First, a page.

CHAMISHOH MI YODEI'A - FIVE QUESTIONS ON THE WEEKLY SEDRAH - PARSHAS TZAV 5769 - BS"D
1) Ch. 6, v. 2: "Hee ho'oloh" - Why the name "oloh" for this type of sacrifice?
2) Ch. 6, v. 2: "Hee ho'oloh al mokdoh" - The "oloh" sacrifice atones for sins of the mind (M.R. 7:3). The "chatos" sacrifice atones for actual committed sins. If so, wouldn't it be logical to burn the complete "chatos," a sort of total submission to Hashem, and only burn parts of the "oloh," the reverse of the actual law?
3) Ch. 6, v. 6: "Aish tomid" - "Aish" is feminine and would require the adjective "t'midoh."
4) Ch. 7, v. 10: "V'chol Minchoh v'luloh va'shemen vaCHA'REIVOH" - Targum Onkelos on these words says "D'filoh bimshach u'd'loh filoh." FILOH is Aramaic for "mixed," hence he is translating CHA'REIVOH whose literal meaning is DRY, as "not mixed" (with oil). Compare this with the Targum Onkeles on Breishis 8:13 on the words "CHORVU hamayim," which he translates as "N'GIVOH mayoh," - the water DRIED up. Why does he seemingly stray from the literal translation of "vacha'reivoh" - "u'N'GIVOH," and use the words "u'd'loh filoh," which would more accurately be a translation of "v'einoh v'luloh?"
5) Ch. 7, v. 17: "V'hanosor mibsar ha'zevach bayom hashlishi bo'aish yiso'reif" - Which practical lesson in our daily lives can we learn from this ruling?
Here the Ibn Ezra says that the name OLOH given to this sacrifice is because its entire body is elevated onto the altar to be consumed. In 1:4 he says because this sacrifice atones for sins of the mind (M.R. 7:3), which are referred to by the Prophet Yechezkel as "V'ho'OLOH al ruchachem hoyo lo si'h'yeh" (20:32), it is called OLOH. Here Rabbeinu Bachyei and the Chizkuni on 1:3 say that the word OLOH means the best, "m'uloh," as it is totally consumed on the altar.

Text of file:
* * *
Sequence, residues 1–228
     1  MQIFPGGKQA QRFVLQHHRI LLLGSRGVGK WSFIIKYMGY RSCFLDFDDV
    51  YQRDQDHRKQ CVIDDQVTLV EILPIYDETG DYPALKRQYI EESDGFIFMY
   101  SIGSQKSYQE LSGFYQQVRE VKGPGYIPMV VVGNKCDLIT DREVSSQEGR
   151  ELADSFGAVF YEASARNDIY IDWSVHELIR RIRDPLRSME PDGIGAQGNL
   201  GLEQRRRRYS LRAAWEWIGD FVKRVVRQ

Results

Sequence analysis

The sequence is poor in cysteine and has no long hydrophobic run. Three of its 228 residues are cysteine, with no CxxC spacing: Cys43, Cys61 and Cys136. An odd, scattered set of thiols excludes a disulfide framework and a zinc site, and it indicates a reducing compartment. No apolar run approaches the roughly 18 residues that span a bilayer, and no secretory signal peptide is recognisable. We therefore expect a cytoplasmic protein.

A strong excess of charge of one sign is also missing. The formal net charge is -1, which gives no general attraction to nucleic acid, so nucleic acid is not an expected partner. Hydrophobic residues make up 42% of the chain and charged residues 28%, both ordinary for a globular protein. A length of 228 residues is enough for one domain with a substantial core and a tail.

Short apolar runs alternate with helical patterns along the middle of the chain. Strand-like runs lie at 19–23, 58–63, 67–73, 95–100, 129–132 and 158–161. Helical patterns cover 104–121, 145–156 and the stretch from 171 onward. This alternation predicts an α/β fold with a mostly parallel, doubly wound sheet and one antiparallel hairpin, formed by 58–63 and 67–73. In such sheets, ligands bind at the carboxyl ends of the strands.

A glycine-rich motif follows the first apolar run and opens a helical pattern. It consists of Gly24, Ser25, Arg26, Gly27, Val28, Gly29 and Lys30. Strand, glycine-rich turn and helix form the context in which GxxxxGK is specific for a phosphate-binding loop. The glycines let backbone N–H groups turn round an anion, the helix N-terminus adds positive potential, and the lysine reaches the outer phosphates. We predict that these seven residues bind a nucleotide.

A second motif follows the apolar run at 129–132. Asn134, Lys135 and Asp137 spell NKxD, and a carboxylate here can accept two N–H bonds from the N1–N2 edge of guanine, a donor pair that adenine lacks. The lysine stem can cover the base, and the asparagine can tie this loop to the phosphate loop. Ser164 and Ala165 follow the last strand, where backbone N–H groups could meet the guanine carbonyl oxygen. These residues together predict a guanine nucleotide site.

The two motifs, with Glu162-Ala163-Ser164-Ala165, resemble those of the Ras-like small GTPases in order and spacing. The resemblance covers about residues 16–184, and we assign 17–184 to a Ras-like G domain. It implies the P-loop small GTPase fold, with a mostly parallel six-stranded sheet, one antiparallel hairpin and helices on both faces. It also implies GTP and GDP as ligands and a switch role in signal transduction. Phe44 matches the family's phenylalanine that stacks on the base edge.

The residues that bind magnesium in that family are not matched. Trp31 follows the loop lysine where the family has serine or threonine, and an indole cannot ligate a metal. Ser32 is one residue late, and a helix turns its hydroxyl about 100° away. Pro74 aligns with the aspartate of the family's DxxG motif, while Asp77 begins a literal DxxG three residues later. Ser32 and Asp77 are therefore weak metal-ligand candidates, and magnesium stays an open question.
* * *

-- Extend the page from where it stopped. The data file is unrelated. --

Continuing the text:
The Mata'mei Yaakov explains that since the gemara Yoma 29a says that thoughts of sinning are more severe than actually sinning, the atonement requires total consumption on the altar, contrary to a "chatos" offering that also comes to atone, and only parts of it are burned on the altar, as it atones for an actual sin, which a person realizes is more severe and is more likely to repent.
Rashi (gemara Yoma 45b) tells us that the word "tomid" does not refer to the fire itself, but rather it teaches us that this fire is used for another function which is associated with the word "tomid," namely the kindling of the menorah about which the Torah says in Shmos 27:20 "L'haalos ner TOMID." Rabbi Noach Mindes in Parp'ro'os L'chochmoh finds a mathematical allusion to this. "Aish" and "menorah" each equals 301.
Rabbi Mordechai Levenstein in Nefesh ha'Geir answers with the words of the mishnoh in the gemara M'nochos 55a. The mishnoh says that ALL meal offerings were kneaded with warm water, but were carefully guarded to not become leavened, as per the Torah's edict that "no leavened nor sweetened offerings shall be burned upon the altar" (Vayikroh 2:11). The mixing with water includes meal offerings which come as an atonement, even though they are not permitted to have accompanying oil or "l'vonoh," frankincense. Thus CHA'REIVOH in our verse does not mean dry, but rather dry of oil. This is why Targum Onkeles says "u'd'loh filoh," - and not mixed, rather than "u'n'givoh," which means totally dry of any liquids, as in Breishis 8:13.
The Chinuch in mitzvoh #143 says that we can learn from this requirement that one who has full trust in Hashem does not put away vast amounts for the future, fearing that he will not be supplied his needs by Hashem. In the process this person causes himself great deprivation in the present with his mind always on the future. One who leaves food for a number of days ahead will be burned, "bo'aish yiso'reif," by his self-inflicted deprivation.
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